Monday, March 10, 2014
GORHAM - What was Ed Flaherty thinking? What was his next move? In the middle of a one-run ballgame for the Little East Conference championship, the coach in the opposing dugout thought he could guess.
"I should know," said Bob Prince, who played for Flaherty. "I know how his mind works. I've been around it long enough. But he knows I'm thinking I know him."
Saturday's game for the invite to the NCAA Division III tournament was more baseball than chess. More timely hitting and good pitching and playmaking than a master coach and his protege making moves on a diamond.
The University of Southern Maine beat UMass-Dartmouth, 4-2.
The veteran baseball man whose teams have won 833 games over his 28 seasons as coach made it appear his players were doing all the thinking.
"He knows what he taught me," said Prince. "To throw me off he probably thought differently today."
Yes, the Flaherty-Prince matchup was a small subplot and surprise. That USM was playing for the tournament championship was expected. UMass-Dartmouth's appearance in the title game was not.
The Corsairs' success always lagged behind USM and Eastern Connecticut State. After an eight-year apprenticeship as Flaherty's hitting coach, Prince applied for the head coaching job in the summer of 2011. He got it.
No one expected a two-year turnaround. Twenty-three of the 31 players were freshmen and sophomores. UMass-Dartmouth lost its first game of the double-elimination tournament Wednesday before starting to win. By noon Saturday, unbeaten USM and once-beaten UMass-Dartmouth were the last two teams. Prince stuck to his mantra: "Don't let things rattle you. If we get behind by a run or make an error, forget about it."
USM has a fearsome lineup. If you keep Tucker White or Nick Grady from knocking down the outfield fences, you've still got seven other tough outs to get.
Relax, said Prince to his sophomore pitcher, Nick Fuller. If one pitch doesn't get the out, the next one will.
When the coach wasn't telling his players to relax, he needed to talk to himself.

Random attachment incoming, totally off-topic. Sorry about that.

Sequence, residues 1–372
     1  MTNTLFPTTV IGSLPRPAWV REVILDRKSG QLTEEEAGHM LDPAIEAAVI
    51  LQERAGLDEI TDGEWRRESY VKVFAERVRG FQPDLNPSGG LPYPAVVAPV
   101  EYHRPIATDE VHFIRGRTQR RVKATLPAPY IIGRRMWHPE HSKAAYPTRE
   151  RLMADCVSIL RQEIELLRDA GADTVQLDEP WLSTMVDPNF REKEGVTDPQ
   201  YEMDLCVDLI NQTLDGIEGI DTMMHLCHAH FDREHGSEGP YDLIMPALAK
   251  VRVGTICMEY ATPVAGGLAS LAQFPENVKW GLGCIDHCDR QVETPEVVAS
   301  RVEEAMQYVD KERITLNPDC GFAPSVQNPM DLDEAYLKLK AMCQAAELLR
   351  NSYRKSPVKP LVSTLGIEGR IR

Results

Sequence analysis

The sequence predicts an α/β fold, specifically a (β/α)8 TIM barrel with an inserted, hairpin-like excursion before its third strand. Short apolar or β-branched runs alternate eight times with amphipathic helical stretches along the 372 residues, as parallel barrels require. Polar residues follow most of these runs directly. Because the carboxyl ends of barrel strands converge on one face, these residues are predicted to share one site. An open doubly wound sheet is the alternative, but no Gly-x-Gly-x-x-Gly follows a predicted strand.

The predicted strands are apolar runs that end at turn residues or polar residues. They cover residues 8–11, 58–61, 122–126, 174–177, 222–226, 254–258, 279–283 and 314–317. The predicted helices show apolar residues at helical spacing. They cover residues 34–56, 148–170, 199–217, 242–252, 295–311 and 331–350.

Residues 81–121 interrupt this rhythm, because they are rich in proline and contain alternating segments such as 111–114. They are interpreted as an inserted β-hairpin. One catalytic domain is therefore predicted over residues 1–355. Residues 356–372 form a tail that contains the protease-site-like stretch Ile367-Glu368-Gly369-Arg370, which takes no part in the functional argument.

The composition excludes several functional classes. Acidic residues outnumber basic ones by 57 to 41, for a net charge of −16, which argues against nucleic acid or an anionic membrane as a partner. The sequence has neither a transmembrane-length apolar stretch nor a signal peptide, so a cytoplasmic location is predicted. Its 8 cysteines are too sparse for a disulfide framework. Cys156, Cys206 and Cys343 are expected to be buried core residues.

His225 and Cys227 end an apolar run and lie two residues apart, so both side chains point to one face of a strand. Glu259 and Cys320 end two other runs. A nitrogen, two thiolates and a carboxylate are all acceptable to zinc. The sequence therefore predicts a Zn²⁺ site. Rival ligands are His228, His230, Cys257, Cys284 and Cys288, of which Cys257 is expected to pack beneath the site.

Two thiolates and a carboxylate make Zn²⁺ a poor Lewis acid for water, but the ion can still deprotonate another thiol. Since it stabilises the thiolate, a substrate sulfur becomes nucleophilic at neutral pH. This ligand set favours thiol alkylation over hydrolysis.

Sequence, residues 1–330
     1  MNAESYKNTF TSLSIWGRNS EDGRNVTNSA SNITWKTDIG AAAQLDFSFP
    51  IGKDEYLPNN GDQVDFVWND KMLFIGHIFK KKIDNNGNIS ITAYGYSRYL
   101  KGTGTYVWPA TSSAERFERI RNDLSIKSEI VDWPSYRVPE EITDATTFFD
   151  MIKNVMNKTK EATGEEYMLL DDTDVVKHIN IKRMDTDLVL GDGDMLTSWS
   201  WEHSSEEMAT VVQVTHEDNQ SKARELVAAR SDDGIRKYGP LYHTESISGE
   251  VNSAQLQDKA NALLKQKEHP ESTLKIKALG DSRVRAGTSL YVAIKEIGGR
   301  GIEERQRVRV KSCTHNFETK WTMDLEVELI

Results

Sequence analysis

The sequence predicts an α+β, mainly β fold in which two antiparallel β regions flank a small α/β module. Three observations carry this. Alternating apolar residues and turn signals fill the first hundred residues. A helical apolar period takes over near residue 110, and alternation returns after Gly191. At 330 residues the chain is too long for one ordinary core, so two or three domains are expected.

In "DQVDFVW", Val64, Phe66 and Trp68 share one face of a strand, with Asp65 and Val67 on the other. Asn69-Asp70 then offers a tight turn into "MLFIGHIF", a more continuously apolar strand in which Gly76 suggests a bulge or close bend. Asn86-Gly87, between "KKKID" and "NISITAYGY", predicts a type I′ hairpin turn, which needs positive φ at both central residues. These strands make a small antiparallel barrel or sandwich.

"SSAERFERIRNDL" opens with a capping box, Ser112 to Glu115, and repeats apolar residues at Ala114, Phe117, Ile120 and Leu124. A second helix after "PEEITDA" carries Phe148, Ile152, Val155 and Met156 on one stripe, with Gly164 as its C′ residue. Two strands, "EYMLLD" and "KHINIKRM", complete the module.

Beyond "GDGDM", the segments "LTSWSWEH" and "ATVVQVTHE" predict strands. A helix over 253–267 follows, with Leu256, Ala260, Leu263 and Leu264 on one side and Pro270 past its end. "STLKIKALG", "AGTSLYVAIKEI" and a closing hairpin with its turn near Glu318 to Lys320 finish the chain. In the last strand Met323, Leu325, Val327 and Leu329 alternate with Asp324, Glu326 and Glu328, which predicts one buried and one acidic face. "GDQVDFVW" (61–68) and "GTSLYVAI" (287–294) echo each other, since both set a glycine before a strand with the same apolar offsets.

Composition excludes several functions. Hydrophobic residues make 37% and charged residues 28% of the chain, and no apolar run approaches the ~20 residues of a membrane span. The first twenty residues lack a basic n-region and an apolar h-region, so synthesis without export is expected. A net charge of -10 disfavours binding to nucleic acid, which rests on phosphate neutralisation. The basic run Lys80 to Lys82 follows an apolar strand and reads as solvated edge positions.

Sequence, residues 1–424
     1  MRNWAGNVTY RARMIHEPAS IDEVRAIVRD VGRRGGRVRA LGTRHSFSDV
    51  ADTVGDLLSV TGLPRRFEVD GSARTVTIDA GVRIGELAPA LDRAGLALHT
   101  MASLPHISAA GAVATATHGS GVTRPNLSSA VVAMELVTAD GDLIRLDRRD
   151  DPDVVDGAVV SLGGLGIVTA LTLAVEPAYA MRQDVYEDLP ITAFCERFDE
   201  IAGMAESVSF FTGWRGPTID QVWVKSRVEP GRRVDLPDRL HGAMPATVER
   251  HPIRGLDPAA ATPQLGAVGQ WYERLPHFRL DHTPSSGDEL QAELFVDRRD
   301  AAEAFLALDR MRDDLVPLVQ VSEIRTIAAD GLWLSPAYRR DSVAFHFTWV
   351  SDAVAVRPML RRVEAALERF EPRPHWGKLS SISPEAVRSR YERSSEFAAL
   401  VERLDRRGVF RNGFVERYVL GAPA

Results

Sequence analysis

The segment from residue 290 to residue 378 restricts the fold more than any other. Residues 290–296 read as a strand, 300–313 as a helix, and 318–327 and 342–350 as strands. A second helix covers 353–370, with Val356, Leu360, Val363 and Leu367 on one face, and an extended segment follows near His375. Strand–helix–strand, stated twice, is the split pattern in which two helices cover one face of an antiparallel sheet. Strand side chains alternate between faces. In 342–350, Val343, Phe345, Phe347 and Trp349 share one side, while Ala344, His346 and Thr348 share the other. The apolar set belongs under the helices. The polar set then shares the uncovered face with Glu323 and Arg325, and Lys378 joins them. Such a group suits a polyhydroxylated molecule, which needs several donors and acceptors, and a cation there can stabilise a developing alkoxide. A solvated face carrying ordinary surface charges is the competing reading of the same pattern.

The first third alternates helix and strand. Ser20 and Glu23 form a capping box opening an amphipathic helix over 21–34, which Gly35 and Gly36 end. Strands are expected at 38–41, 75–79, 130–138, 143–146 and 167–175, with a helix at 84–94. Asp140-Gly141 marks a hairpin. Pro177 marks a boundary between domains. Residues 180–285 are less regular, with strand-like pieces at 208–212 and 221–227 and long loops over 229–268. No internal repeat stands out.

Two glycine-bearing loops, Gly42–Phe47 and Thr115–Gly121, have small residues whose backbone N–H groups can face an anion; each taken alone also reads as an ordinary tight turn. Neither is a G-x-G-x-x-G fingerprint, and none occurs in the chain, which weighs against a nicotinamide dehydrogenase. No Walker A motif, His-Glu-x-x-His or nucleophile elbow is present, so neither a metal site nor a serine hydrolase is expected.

Hey, five week ago, if you said UMass-Dartmouth to 100 people, you'd probably get no sign of recognition from 99. That's changed since the Boston Marathon bombings and the manhunt for Dzohkhar Tsarnaev.
The younger Tsarnaev was a UMass-Dartmouth student. He returned to campus after the bombing at the marathon finish line. The next night he was in the weight room at the university and seen by some of Prince's players.
"Unbelievable," Prince said after his team won Thursday. "I wish I had known." He shook his head in amazement. An alleged terrorist on campus was one more thing to deal with.
Saturday, he shook hands with Flaherty after the game. He shook hands with USM players. He had coached the juniors and seniors. Prince had told his own players to watch how USM played the game. Understand and let it rub off on them.
Prince was the All-American outfielder on the 1991 USM team that won the state's first national collegiate championship in a major team sport. He was the sure-handed kid from Wells and more than comfortable with a bat in his hands.
His career batting average of .414 is still the team record. Twice more he was selected an All-American.
Saturday, when Prince returned to his dugout, he felt the sting of losing. He didn't try to hide it.
"I'm a competitive guy. I love Eddie but we were here to win this game."
UMass-Dartmouth had led, 2-1. Flaherty was preparing himself for the possibility of losing and playing another game Sunday.
"They had the players to win," said Flaherty. They had the coach to win, too. For the first time, someone close to Flaherty was challenging him in a big game as a fellow coach.
In the ninth inning, as relief pitcher Andrew Richards got the last outs for the victory, Flaherty let himself think about Prince.
"I was wondering how he feels. His kids played so well. I felt for him."
Steve Solloway can be contacted at 791-6412 or at: